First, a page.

Jacob Cunningham’s review published on Letterboxd:
This is a really complicated film for me to talk about.
On the one hand, I was enthralled with every scene and consistently moved and inspired.
On the other hand, it’s incredibly flawed, plays VERY fast and loose with history (to an icky degree) and often portrays Freddie’s sexuality in a negative light.
I think my enjoyment won out in the end with the help of the absolutely electrical Live Aid performance.
Rami. Fucking. Malek. Believe the hype. Might be the best performance I’ve seen all year. Absolutely embodied Freddie Mercury and commands every single scene. He single-handedly lifts this film up every time it threatens to dip, and without him I’d probably be knocking off an entire star. I hope he gets some recognition come awards time.
Lucy Boynton is also great. She is consistently fantastic in everything I see her in, ngl I have a bit of a crush. Hopefully she starts to blow up.
The supporting cast all did a great job, there wasn’t a particularly weak link. It was a little awkward seeing Mike Meyers (he even makes a Wayne’s World joke) but he wasn’t bad.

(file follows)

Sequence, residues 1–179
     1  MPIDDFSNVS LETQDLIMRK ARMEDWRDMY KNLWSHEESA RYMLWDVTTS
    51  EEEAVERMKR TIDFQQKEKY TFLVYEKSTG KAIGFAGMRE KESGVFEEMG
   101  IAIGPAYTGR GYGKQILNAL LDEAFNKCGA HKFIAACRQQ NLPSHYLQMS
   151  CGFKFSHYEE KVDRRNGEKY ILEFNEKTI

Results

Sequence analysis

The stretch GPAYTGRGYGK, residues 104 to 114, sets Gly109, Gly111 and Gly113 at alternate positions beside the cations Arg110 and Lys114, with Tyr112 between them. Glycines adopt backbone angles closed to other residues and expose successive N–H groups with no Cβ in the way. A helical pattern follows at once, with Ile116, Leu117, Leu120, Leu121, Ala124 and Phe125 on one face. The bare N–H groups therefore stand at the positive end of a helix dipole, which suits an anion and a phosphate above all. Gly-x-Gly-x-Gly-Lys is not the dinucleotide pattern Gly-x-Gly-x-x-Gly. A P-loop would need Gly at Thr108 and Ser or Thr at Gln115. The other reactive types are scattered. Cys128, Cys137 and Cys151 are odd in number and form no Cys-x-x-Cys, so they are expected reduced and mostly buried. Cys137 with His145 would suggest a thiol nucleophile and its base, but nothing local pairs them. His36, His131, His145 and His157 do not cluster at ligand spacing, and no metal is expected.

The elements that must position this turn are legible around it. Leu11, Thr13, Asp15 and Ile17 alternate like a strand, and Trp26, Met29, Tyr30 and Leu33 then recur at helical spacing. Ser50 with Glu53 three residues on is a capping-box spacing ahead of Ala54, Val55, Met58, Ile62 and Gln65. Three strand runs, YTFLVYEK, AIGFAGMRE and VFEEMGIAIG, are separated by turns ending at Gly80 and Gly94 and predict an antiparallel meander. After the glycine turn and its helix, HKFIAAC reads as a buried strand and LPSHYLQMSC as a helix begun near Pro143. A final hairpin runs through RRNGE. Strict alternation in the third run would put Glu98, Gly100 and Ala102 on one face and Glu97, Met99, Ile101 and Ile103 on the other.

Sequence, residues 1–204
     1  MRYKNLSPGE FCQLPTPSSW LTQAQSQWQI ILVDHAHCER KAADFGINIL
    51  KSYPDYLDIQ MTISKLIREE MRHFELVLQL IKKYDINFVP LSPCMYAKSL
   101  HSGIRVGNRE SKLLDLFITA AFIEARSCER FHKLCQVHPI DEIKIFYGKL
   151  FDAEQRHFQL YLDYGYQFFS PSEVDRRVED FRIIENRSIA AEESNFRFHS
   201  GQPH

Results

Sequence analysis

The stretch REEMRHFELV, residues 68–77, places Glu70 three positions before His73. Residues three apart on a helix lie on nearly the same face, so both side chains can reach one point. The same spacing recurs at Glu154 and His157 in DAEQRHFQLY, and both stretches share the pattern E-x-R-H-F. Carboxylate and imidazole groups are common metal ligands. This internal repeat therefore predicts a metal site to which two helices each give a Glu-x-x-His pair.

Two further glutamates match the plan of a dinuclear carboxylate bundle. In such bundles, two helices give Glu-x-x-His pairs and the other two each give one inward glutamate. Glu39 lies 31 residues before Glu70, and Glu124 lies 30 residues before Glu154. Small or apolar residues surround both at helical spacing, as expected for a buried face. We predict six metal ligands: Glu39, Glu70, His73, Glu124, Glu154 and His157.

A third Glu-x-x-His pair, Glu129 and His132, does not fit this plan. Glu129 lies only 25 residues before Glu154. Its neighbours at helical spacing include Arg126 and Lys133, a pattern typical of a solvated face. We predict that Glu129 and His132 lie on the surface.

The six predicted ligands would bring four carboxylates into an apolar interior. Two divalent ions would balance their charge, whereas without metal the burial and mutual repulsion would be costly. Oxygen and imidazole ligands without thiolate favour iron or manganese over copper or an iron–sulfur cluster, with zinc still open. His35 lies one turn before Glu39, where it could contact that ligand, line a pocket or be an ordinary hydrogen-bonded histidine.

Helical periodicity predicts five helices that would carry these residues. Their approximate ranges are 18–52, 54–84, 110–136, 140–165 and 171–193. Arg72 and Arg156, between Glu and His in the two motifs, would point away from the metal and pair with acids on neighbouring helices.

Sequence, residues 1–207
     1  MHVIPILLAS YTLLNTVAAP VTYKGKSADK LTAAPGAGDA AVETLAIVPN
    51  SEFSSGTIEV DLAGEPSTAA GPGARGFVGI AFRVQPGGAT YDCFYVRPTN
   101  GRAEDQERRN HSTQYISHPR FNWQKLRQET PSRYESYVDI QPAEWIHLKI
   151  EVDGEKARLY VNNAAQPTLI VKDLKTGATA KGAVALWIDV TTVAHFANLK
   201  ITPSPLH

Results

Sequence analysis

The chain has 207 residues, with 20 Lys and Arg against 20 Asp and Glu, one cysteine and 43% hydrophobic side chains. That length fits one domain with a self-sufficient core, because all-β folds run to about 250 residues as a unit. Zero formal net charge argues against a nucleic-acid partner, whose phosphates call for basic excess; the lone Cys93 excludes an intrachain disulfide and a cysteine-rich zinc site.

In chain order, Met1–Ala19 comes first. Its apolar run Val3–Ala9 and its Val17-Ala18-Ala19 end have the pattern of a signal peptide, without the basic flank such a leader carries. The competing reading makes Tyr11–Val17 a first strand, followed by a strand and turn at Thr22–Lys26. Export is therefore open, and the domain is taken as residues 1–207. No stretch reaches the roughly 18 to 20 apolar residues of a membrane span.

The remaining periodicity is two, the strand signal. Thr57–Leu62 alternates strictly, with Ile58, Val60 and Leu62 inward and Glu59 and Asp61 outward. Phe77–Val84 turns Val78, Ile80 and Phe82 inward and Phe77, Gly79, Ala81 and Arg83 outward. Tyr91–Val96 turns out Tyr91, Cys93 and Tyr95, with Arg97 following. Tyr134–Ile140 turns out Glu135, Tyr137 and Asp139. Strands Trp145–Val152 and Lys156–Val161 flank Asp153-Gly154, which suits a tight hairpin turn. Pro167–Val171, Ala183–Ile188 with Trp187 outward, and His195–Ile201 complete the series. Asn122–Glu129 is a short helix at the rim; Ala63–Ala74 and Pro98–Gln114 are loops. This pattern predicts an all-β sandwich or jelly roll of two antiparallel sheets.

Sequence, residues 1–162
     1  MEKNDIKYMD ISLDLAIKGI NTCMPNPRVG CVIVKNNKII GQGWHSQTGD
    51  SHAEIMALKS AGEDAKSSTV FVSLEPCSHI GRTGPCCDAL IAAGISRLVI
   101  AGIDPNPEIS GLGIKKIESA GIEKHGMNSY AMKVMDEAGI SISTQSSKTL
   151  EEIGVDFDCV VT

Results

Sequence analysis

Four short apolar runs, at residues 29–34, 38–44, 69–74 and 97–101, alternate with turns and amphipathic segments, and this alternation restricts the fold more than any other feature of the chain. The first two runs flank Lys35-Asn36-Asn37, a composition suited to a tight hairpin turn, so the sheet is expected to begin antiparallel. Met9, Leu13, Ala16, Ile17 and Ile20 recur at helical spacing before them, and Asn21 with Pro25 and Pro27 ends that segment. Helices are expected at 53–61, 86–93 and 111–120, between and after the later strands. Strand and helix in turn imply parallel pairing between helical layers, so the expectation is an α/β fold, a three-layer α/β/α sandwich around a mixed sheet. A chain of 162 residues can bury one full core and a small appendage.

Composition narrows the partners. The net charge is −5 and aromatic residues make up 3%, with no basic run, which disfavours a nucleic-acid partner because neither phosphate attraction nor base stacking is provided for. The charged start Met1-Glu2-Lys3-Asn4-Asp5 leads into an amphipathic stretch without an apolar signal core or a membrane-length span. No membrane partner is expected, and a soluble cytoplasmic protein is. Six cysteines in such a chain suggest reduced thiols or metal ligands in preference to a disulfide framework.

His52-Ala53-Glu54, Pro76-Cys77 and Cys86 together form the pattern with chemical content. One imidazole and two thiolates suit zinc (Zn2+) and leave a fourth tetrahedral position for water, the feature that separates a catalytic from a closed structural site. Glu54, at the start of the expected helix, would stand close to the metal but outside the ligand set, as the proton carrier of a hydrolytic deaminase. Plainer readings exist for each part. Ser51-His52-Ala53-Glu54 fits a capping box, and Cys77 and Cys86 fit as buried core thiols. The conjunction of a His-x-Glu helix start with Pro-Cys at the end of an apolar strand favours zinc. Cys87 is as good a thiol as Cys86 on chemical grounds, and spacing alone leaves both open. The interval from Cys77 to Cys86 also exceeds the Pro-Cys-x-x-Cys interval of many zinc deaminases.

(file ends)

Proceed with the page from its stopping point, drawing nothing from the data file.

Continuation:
So yeah, this isn’t a particularly inventive, edgy or factual biopic. But it is an electrifying tribute to the greatest band ever to grace the stage, their beautiful frontman and the joy and togetherness they brought to people the world over. I left emotionally moved and full of love for Queen and Freddie, just in awe of this one of a kind human being.
The thing that really held me back from going higher was some historical changes in the third act, completely manipulating real life to make for a more engaging scene. Using Freddie telling the band about his aids as the catalyst for their incredibly Live Aid performance is really fucking cheap and kinda disgusting, considering he wasn’t even diagnosed until two years later.
PS: fuck Bryan Singer, as far as I’m concerned this is a Dexter Fletcher movie.